It’s hard to believe, but by some analysts measuring, the Xbox division of Microsoft is still unprofitable due to “corporate overhead”. To this end, Goldman Sachs, a well known global investment banking and securities firm, has lowered Microsoft stock from a “buy” to “neutral”, and adjusted the target stock price from $32 to $28. To correct for these issues, the firm is suggesting that Microsoft spin Xbox off into its own division, but somehow we don’t see the company heeding that advice.
The problems arose when a break down of the various Microsoft divisions was done, and the Entertainment & Devices division, which includes the gaming console, came in last place at a value of $3.6 billion. This compares with the Windows/Windows Live division valuing at $107 billion, the business division close behind at $99 billion and servers & tools raking up $43 billion according to GameIndustry.biz.
Goldman Sachs’Sarah Friar described the situation with the Xbox division as:
The Xbox products could be an appealing stand-alone entity, given the historical success of the Xbox and the products’ brand strength, and the business could show unlocked value with forced cost discipline compared to as a piece of Microsoft.
The report went on to say that the investment firm saw the Kinect improving the profitability of the division, and applauded Microsoft for Xbox Live being one of the largest cloud-based communities in the market.
Personally, I think Goldman Sachs is way off the mark on all of this. The Xbox is quickly gaining tighter and tighter integration with the rest of the company, and spinning it off into its own corporation would add just that many more hurdles to the process. Yes, the Xbox may not be the crown jewel of Microsoft, but I also don’t think they are looking far enough down the road.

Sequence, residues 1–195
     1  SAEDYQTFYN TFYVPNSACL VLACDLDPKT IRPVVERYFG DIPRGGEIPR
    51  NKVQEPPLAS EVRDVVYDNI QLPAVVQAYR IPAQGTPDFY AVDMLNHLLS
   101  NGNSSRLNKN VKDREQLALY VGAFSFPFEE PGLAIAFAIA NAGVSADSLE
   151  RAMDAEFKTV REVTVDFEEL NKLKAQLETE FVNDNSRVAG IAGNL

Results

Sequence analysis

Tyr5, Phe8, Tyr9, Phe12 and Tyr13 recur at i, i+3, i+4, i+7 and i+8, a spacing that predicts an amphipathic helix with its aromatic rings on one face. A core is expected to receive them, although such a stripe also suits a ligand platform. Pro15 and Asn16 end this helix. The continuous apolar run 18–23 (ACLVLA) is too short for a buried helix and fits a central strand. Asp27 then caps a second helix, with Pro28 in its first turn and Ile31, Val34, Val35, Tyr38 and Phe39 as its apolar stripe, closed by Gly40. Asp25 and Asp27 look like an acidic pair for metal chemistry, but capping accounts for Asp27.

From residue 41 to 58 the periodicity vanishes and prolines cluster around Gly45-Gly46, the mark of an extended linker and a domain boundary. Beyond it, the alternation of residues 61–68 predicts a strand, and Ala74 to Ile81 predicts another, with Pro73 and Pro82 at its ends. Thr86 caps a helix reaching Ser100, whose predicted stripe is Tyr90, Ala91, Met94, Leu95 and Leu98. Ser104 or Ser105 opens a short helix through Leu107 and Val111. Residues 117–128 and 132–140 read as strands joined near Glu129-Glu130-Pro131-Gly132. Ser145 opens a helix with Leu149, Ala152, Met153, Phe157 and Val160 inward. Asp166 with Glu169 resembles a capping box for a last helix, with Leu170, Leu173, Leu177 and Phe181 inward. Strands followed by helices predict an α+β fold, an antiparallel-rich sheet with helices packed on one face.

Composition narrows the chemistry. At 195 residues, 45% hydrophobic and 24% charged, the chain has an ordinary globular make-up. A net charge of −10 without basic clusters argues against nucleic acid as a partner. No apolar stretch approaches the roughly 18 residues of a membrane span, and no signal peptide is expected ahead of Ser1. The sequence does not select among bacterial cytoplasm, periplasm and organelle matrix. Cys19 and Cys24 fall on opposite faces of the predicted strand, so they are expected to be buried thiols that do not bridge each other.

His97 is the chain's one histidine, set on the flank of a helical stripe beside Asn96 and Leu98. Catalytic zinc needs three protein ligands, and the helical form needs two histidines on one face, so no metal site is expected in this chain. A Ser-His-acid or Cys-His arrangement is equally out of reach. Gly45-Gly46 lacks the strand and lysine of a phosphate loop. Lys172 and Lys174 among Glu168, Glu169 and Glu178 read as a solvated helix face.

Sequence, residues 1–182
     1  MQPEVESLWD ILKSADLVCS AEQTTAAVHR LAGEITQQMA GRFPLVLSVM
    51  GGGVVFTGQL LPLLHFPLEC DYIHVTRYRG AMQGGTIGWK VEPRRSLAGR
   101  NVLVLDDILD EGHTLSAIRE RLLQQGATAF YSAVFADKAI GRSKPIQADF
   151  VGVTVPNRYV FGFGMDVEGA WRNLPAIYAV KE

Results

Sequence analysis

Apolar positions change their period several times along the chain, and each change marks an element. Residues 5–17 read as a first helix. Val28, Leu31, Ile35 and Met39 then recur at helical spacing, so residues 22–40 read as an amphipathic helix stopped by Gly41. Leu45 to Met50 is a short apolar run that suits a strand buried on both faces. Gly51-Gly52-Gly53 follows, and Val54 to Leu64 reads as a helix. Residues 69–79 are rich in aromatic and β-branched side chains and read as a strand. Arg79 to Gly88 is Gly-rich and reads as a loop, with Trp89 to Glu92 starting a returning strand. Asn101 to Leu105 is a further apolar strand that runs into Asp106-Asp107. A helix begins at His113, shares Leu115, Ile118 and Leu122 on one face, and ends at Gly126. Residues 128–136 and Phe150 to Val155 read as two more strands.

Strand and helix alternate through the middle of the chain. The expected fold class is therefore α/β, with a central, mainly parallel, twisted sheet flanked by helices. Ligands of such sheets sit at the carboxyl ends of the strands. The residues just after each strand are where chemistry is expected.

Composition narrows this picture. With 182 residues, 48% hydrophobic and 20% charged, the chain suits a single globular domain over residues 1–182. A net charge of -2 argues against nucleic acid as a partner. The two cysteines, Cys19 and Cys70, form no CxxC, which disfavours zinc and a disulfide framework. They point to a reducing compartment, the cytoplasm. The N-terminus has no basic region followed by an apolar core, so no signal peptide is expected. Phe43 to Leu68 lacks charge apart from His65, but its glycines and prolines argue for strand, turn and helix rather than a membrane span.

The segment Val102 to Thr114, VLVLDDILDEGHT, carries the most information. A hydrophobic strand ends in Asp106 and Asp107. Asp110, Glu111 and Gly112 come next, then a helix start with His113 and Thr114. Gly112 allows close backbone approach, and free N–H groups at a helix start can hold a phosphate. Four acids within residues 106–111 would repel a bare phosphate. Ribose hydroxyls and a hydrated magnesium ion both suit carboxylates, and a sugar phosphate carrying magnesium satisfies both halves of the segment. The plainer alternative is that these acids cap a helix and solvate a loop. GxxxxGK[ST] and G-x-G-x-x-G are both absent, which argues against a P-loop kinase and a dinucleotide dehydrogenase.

It’s obvious that with the Kinect launching this fall that Microsoft is trying to cut itself a larger share of the money people spend in their family rooms. They are attempting to turn the Xbox 360 your entertainment hub, and make sure that you come to rely on it for as much as possible. This says to me that the company has much bigger plans for the console down the road, but I won’t even try to hazard a guess as to what those plans might entail.
Spinning the Xbox off at this point would be fairly counterproductive to what the company has already built, and obviously plans to build. Microsoft is one of the few companies in the world with enough capital to take a very long term run at building up a brand, and I think that is exactly what it is doing. Spinning it off at this point would be premature at best.
Of course, as I said, it is highly doubtful that Microsoft will heed this unsolicited advice.
What say you? Could you see the Xbox surviving on its own?